50 energy-efficient homes planned for the world's second most polluted city
When asked to think of the most polluted cities in the world, one’s mind often darts straight to first tier cities in China or the well documented issues of areas such as Mexico City but according to the World Health Organisation (WHO), the cities suffering from the greatest pollution are Ahvaz in Iran and Ulaanbaatar in Mongolia.
Ulaanbaatar’s problems stem from a clash between urban growth and the continual use of traditional practices as highlighted in a piece published by The Observer this past October in which Tania Branigan noted: “60-7-% of winter pollution comes from the old-fashioned stoves heating the circular felt tents or gers that sprawl across the slopes around the city.”
As temperatures plummet to -30°C, the residents of these gers burn wood, coal or rubbish to stay warm. The adverse effect of this traditional heating method is a thick cloud of smog that collects over the city, reducing visibility and contributing to a high percentage of medical conditions in Ulaanbaatar.
RW Allen, Faculty of Health Sciences, Simon Fraser University released a report in March 2013 which stated: “We conservatively estimated that 29% (95% CI, 12-43%) of cardiopulmonary deaths and 40% (95% CI, 17-56%) of lung cancer deaths in the city are attributable to outdoor air pollution. These deaths correspond to nearly 10% of the city’s total mortality, with estimates ranging to more than 13% of mortality under less conservative model assumptions.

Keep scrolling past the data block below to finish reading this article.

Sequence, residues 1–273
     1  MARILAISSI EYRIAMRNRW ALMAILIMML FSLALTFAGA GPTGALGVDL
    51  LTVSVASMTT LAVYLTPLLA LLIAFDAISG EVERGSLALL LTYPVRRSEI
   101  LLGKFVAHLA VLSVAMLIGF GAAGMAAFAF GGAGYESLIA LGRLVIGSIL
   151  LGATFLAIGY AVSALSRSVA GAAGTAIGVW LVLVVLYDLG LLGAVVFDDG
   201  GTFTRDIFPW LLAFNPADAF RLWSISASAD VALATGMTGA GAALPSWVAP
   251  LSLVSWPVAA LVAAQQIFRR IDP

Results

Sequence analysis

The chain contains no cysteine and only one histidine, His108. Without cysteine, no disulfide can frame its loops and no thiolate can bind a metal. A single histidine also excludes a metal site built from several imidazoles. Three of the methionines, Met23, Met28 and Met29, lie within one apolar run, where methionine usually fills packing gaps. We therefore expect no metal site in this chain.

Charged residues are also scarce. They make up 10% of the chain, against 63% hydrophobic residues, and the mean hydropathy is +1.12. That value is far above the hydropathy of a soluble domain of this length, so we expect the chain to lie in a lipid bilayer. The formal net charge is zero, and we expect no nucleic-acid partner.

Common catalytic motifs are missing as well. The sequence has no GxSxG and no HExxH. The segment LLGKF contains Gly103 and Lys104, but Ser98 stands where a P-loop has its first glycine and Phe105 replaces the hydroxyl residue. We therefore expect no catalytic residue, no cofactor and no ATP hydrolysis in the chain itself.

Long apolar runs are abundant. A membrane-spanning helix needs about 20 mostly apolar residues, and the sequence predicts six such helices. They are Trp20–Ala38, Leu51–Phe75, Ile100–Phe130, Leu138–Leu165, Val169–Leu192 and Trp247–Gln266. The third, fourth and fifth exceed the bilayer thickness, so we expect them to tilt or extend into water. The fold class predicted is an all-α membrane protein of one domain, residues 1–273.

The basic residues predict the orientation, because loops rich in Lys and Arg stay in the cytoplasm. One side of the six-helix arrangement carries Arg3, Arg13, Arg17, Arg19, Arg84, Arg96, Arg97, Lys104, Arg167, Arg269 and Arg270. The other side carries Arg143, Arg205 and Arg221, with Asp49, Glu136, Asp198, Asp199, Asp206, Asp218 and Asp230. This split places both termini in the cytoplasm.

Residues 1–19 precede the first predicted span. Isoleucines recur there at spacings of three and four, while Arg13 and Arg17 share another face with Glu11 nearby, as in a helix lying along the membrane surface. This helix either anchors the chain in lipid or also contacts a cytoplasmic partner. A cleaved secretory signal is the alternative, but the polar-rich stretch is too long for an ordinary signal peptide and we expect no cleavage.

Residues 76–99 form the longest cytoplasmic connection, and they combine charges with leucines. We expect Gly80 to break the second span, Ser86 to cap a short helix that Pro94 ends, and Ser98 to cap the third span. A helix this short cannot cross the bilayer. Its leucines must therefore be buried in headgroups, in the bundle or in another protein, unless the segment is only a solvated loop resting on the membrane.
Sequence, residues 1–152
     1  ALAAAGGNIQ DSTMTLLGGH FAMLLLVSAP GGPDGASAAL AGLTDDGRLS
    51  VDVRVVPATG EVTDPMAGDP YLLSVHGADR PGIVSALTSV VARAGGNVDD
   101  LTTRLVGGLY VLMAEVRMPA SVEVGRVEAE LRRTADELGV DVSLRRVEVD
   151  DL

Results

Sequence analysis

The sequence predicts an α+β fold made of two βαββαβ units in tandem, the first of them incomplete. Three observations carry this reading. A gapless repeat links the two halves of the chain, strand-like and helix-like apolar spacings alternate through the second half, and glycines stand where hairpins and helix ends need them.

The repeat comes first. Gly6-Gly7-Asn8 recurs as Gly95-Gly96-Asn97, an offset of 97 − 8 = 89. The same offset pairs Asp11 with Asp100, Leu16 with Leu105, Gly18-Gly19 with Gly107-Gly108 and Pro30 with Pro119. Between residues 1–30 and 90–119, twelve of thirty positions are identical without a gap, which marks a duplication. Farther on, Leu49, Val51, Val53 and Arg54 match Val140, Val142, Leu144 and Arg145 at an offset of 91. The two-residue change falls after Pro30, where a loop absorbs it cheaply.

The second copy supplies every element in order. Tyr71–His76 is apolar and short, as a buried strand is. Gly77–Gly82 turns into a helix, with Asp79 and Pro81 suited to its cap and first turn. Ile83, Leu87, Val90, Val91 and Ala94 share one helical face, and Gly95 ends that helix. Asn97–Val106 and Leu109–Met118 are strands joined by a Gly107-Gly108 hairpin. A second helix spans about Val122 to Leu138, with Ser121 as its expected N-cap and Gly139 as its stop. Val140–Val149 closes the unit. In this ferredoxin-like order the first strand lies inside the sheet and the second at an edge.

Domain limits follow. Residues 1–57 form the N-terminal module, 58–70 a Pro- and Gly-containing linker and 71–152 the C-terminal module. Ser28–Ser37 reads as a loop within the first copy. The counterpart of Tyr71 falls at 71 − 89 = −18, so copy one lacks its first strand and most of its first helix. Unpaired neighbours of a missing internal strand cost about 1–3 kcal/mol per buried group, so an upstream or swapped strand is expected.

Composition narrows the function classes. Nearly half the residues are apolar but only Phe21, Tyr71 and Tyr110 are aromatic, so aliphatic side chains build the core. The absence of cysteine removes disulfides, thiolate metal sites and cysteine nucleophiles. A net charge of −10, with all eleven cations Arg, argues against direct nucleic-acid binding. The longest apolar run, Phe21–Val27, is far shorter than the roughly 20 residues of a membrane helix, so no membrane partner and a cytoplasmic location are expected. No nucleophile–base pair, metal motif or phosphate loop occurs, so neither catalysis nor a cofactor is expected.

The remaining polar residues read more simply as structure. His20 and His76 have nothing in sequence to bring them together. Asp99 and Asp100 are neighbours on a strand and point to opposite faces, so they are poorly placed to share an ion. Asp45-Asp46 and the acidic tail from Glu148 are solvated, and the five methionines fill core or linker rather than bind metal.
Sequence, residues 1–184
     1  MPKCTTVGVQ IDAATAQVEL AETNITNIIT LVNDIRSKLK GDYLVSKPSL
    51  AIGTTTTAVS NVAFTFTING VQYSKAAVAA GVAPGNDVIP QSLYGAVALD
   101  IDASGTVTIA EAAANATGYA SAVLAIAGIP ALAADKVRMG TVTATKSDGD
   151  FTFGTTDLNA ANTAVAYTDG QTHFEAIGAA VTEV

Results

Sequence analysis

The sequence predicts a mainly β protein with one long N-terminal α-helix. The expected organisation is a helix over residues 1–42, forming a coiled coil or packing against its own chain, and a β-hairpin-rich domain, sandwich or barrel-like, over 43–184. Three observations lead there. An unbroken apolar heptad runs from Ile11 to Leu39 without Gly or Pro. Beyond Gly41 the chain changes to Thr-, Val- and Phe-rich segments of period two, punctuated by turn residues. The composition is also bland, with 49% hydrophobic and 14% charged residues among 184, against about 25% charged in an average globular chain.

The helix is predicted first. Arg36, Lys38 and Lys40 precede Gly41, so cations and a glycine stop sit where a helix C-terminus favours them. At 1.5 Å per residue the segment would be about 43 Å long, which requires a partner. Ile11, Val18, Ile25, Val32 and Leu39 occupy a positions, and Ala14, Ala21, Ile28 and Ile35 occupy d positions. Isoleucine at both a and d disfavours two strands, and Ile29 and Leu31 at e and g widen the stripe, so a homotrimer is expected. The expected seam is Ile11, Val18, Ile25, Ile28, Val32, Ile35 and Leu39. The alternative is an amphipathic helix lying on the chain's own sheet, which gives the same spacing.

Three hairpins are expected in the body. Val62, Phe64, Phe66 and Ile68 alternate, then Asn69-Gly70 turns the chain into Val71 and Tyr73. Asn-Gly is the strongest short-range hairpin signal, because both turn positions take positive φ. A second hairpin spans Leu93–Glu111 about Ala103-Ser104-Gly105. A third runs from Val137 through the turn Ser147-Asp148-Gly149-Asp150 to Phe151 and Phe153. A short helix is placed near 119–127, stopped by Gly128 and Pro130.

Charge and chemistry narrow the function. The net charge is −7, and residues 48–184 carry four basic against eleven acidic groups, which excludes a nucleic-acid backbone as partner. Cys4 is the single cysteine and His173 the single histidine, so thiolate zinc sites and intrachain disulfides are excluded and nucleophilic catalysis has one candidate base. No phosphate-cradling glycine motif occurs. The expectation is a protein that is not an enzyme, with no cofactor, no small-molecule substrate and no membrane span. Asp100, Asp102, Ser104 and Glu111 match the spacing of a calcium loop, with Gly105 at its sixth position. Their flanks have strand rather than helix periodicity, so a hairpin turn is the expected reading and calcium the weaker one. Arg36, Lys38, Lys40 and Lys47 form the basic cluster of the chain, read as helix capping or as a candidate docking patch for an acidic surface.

“Air pollution represents a major threat to public health in Ulaanbaatar, Mongolia, and reducing home heating emissions in traditional housing areas should be the primary focus of air pollution control efforts.”
Gradon Architecture (UK) has submitted design proposals that may provide a blueprint for future energy-efficient homes in the Ulaanbaatar area, addressing these issues head-on. Should the development be successful in reducing emission production, it could have a significant effect on the city if rolled out at a larger scale.
Located in the Nukht Valley area, the development includes 3- and 4-storey townhouses with photovoltaic panels, solar hot water heating and insulation that exceeds British Building Regulation standards. Should the plans receive approval by the Government Department of Construction and Planning, the project will begin work onsite this summer.
Chris Allan, associate architect at Gradon Architecture, details: “Many buildings in Ulaanbaatar date back to the Soviet era. This means that many people are living in poor quality accommodation, which lacks even basic polystyrene insulation as well as double glazing. In one of the coldest and heavily polluted cities in the world, this is having a real impact - especially on public health.
“We believe that designing modern, sustainable homes for the future can truly improve people’s lives. Therefore by raising the standards of energy-efficiency as part of this scheme, we hope to create a blueprint for the way both executive and affordable homes will be built in the city going forward.”